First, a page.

As of 5 p.m. Wednesday, the city of Charlotte has been under an indoor mask mandate, and come Aug. 31, all of Mecklenburg County will be under one, too.
The Board of County Commissioners voted 6-2 Wednesday to adopt a “public health rule” that requires masks be worn inside public places across all municipalities regardless of vaccination status effective Tuesday, Aug. 31*. Commissioners Pat Cotham and Ella Scarborough were the only two to vote against it.
There are several exceptions to both the city and county mask mandates, including anyone under the age of 5 and anyone actively eating or drinking, among others. Worship, religious, spiritual gatherings, funerals, weddings and other activities “constituting the exercise of the First Amendment” are exempt from the county mandate, but not mentioned in the city’s. You can read the full Mecklenburg County mask mandate on the MCPH website.
Charlotte’s interim mask requirement ends Sept. 1, but the county’s mandate has no official end date. Instead, Mecklenburg County Public Health Director Gibbie Harris said her team will watch the COVID-19 data in the community and reevaluate their recommendation for masks at least every 30 days. They’ll be looking for the positivity rate to drop to 5% for 30 days. It’s currently at 13%, according to Harris.
Some business owners, such as Pure Pizza’s Juli Ghazi, have publicly stated they have no intention of following or enforcing either mask mandate in their businesses.
Harris pointed out that, over the past six weeks, the county has seen an escalation of the COVID-19 situation and “the Delta variant is responsible for a lot of that.” The number of COVID cases has increased from 44 per day at the end of June to 473 per day in the middle of August, while hospitalizations and case positivity rate are up, too.
The mask mandate came as a recommendation from the Mecklenburg County COVID-19 Policy Group, which guides the county and its municipalities on pandemic response. The group met privately on Monday, followed by a press conference at which Harris and County Manager Dena Diorio shared the recommendation with the public.
County commissioners held a special meeting Wednesday to discuss the group’s recommendation.
“I feel like I must act to protect this community’s children,” said commissioner Leigh Altman, noting that kids under 12 years old are still not authorized for the vaccine. “We must protect our children’s ability to attend school in person.”
Cotham, on the other hand, commented that “the people have kind of had enough,” adding that she’s uncomfortable with the idea of a countywide mask mandate and the precedent it sets in terms of “overriding” municipalities that may not want to comply.
“I cannot support anything where we’re forcing another body of government — the six towns — to do what they may not choose to do,” Cotham said.
Commissioner Susan Rodriguez-McDowell responded that, “Mecklenburg County is the responsible body when it comes to this topic.”
Commissioners hear from residents before vote
Masks have been a divisive, hot-button issue throughout the pandemic, but Commissioner Laura Meier says now should be a time for the community to unite. She believes the economy is bouncing back from the pandemic in part because people have been wearing masks and she wants to “keep it that way.”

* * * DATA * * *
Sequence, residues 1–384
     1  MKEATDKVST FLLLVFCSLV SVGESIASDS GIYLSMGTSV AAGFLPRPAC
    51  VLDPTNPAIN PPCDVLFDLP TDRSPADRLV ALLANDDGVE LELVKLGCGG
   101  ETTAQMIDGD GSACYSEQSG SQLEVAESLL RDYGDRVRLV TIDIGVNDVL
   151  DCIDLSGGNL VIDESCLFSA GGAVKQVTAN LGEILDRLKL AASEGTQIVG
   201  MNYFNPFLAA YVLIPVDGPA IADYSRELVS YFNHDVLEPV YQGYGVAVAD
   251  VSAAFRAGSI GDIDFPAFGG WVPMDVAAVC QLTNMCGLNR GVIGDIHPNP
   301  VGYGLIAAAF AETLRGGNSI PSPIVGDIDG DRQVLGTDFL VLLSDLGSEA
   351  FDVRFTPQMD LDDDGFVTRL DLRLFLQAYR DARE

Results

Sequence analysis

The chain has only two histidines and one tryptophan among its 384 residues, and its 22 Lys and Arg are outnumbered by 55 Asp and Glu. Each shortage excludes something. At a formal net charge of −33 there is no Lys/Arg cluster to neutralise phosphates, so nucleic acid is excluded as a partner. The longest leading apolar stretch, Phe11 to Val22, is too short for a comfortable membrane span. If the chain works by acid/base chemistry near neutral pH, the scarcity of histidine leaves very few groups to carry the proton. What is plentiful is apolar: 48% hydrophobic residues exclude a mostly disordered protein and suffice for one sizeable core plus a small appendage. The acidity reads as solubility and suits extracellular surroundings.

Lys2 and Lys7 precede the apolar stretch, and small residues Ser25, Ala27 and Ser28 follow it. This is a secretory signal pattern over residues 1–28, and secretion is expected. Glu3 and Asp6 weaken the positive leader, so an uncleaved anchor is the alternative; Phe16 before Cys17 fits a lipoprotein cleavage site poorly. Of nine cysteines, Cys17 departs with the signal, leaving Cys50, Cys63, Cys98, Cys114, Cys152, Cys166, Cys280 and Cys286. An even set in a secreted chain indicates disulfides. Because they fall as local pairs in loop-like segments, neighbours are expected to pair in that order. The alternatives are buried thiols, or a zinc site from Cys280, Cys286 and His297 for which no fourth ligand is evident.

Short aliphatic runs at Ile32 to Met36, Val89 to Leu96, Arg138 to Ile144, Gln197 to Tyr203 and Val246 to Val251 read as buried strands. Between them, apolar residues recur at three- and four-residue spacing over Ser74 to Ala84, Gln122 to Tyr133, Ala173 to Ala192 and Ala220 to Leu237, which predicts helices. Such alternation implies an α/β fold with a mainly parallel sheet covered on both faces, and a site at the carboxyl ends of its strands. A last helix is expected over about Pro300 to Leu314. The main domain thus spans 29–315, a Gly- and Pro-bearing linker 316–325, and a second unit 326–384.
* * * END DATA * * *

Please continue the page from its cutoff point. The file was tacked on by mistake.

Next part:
“We should be holding each other up and be accountable,” Meier said. “It’s so simple. All we have to do is wear a mask.“
Board chair George Dunlap assured the public the county mask mandate is “not a stay-at-home order; it’s not about fining the public; it’s not a demand to get vaccinated.”
“We have to do what is best for the community, whether you agree or not,” Dunlap said. “And yes, I’ve heard the threats, that you’ll move out of Mecklenburg County, and I’m sure there are places that would welcome your ways.”
Dunlap was speaking to members in the audience, many of whom signed up to speak against the mandate on Wednesday. They voiced concerns about a lack of data showing the effectiveness of masks against the spread of COVID-19 and shared a general feeling of distrust in their government.
“It’s not because we’re stupid. It’s not because we don’t care. It’s because we want reality and nothing is real these days,” said Matthew Childs, who revealed that he recently tested positive for COVID-19 and felt fine. “Everything is fake. Nothing makes sense … Why do I even need to wear a mask? It makes no sense.”
Jeff Johnson said the flip-flopping of pandemic restrictions is “getting out of control” and feels “tyrannical.” He called it “child abuse” that children are required to wear masks in school.
“Do you remember the story of the boy who cried wolf?” Johnson asked the board. “That’s what this feels like to me.”
Dr. Arin Piramzadian, chief medical officer at StarMed Healthcare, was the only speaker at Wednesday’s meeting in favor of the mandate, as well as the only medical doctor to address the board.
“We know that masks work. Physicians have worn them for decades,” he said. “We tell children to cover their mouths when they sneeze. It’s literally the same concept.”
*The county originally announced the mask mandate would take effect Aug. 28, but because of laws that state it must take effect 10 days after issuance of a legal notice to the public, which is going out on Aug. 20, the mask mandate was moved back to Aug. 31. This story has been updated to include that change.
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